<p>In the Verbal Analogies test, each question presents a verbal analogy in the form of ‘A-B: C-_’. Students have to work out how the first pair of words is related to each other and then select from five answer options the one that completes the second pair. </p><p>These questions involve two elements to the reasoning. First, students have to look for similarities and differences between the first pair, for example the second thing is an element of the first or a descriptive term for the first. Second, they have to duplicate that relationship starting with the third word presented.</p>

Questions have been written to maximise the students’ flexibility in identifying and using concepts rather than taxing their background knowledge or vocabulary.

Quantitative reasoning battery

In the Number Analogies test, each question presents three pairs of numbers, such as ‘4-6, 8-10, 9-_’. Students have to work out how the pairs of numbers are related and then complete the third pair by selecting the answer from the five options presented.

The questions in this test assess the same basic reasoning processes that are assessed in the equivalent Verbal Analogies test, as well as basic arithmetic knowledge (for example, that 6 is twice 3), accuracy in doing simple arithmetic and flexibility in identifying and being aware of numerical relationships (for example, that 7 might be twice 3 plus 1 or 4 times 2 minus 1).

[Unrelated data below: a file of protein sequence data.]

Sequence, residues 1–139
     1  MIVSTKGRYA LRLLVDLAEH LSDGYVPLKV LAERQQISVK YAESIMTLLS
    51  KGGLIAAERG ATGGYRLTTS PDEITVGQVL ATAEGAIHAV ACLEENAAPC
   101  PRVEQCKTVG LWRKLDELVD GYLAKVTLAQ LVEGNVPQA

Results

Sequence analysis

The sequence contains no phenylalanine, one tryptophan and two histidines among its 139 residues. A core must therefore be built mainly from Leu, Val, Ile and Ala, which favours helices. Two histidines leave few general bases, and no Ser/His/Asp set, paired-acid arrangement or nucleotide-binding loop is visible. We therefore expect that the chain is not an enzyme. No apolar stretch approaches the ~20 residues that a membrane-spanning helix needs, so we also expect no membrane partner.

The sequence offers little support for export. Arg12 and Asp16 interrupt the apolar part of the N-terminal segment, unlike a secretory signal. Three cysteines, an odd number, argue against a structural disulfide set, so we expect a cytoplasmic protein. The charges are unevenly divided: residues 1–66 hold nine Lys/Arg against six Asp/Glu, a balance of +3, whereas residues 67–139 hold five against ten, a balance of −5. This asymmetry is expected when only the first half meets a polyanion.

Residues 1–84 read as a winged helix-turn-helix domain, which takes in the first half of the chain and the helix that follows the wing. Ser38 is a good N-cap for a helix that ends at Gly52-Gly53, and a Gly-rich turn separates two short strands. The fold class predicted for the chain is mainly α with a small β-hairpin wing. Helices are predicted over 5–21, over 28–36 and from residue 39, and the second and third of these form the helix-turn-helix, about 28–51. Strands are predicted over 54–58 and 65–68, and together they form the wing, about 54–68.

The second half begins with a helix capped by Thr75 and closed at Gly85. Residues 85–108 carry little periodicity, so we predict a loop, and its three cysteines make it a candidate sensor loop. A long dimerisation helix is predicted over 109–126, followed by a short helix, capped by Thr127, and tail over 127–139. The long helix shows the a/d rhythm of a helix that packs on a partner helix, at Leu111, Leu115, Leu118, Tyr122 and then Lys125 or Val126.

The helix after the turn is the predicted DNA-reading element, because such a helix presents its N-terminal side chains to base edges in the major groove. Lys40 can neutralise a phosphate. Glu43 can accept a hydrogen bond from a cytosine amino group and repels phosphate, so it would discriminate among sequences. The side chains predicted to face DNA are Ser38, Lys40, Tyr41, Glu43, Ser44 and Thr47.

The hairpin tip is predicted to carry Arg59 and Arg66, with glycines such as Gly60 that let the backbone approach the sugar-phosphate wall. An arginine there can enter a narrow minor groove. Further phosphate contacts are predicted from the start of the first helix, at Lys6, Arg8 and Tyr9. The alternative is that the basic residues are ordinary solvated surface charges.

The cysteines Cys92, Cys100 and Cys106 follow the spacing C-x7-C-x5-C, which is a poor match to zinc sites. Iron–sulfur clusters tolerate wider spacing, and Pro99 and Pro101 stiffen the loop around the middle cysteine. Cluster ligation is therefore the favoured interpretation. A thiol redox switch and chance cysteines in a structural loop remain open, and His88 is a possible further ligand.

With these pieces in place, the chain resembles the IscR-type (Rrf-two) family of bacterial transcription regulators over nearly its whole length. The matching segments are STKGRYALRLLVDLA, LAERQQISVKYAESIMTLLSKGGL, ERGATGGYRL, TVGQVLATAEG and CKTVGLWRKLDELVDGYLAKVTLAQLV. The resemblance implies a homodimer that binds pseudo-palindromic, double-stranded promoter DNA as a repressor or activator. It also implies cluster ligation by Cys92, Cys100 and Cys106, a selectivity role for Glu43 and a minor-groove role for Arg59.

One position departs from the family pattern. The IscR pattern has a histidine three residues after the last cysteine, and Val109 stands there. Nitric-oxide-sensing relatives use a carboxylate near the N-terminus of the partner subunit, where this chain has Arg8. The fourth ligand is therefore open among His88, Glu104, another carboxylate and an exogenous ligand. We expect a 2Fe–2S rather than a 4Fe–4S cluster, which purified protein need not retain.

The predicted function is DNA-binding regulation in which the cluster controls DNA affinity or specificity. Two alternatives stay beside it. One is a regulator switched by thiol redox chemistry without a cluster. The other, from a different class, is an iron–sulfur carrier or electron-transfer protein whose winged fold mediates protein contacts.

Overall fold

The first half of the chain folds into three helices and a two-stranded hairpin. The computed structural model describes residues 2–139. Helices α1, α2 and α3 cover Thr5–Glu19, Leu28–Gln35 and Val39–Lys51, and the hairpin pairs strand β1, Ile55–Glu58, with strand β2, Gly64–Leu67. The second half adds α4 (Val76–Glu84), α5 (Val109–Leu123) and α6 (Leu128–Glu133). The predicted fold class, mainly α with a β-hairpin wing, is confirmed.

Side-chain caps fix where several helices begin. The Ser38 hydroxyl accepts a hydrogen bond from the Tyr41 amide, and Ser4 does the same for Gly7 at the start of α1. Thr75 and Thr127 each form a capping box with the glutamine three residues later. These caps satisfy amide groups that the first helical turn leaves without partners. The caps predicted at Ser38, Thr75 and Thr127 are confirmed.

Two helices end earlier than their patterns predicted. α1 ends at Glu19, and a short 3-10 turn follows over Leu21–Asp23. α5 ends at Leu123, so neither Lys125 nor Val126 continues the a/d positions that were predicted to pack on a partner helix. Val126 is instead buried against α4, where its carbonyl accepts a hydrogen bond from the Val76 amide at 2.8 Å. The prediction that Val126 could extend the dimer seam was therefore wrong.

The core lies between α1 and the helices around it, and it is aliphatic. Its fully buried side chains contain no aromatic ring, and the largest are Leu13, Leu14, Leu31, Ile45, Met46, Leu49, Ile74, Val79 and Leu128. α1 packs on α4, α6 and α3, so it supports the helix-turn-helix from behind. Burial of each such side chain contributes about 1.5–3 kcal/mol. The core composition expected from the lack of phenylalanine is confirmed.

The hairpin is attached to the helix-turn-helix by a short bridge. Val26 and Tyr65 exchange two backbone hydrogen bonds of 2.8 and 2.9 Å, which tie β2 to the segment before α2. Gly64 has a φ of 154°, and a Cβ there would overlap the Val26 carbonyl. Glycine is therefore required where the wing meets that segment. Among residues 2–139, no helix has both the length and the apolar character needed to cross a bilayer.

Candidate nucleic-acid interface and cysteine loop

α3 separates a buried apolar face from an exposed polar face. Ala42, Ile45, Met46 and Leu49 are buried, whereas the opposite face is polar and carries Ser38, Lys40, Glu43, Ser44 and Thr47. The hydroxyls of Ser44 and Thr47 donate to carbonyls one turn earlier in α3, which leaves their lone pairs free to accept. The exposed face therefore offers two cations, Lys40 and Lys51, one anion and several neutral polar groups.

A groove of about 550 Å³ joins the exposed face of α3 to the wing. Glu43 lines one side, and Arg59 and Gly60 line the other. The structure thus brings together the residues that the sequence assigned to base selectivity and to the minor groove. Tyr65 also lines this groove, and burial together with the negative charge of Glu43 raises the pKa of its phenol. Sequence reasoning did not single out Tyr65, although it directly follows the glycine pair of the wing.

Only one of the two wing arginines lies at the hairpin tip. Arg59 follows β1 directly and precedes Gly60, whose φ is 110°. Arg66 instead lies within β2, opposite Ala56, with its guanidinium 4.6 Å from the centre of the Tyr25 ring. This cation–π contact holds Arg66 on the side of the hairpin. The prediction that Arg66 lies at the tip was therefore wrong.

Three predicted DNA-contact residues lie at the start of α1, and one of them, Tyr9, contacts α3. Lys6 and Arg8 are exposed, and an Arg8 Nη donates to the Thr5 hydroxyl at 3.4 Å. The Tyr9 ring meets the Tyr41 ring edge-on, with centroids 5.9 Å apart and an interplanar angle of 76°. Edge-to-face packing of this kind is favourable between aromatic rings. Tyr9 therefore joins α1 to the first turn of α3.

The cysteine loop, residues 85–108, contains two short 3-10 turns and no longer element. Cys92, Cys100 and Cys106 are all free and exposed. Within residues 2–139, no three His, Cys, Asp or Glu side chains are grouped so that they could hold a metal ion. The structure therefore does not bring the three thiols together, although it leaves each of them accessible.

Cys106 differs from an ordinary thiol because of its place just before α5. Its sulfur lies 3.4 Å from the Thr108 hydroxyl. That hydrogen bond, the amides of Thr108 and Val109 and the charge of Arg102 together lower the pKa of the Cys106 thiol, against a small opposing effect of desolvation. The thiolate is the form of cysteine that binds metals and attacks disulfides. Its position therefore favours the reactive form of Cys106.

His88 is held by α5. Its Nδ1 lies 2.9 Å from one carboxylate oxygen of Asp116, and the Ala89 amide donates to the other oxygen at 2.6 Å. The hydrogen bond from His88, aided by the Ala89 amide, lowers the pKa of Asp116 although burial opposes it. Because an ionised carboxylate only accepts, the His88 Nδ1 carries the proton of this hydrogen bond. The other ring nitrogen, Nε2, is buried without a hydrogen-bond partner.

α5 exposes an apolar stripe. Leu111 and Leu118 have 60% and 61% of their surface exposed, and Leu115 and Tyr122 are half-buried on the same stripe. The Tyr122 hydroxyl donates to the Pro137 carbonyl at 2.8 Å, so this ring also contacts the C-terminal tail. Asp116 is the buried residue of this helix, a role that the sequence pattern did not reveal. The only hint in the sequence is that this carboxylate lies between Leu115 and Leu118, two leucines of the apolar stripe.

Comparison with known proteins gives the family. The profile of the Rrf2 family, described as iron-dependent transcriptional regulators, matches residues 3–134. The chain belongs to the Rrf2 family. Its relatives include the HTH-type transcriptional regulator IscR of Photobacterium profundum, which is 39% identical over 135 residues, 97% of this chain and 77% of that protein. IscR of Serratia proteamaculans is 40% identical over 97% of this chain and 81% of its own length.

CAT4 Number Analogies example question

In the Number Series test, students have to work out the rule underlying the progression in the number series in each question and then select the next number in the series from the five options presented.

This test assesses the same underlying basic reasoning processes and number facility as Number Analogies.

CAT4 Number Series example question

Nonverbal reasoning battery

In the Figure Classification test, each question presents students with three separate figures. They have to identify the conceptual link or underlying characteristic that all three figures have in common. They then have to select the one figure from five answer options that goes with the first three.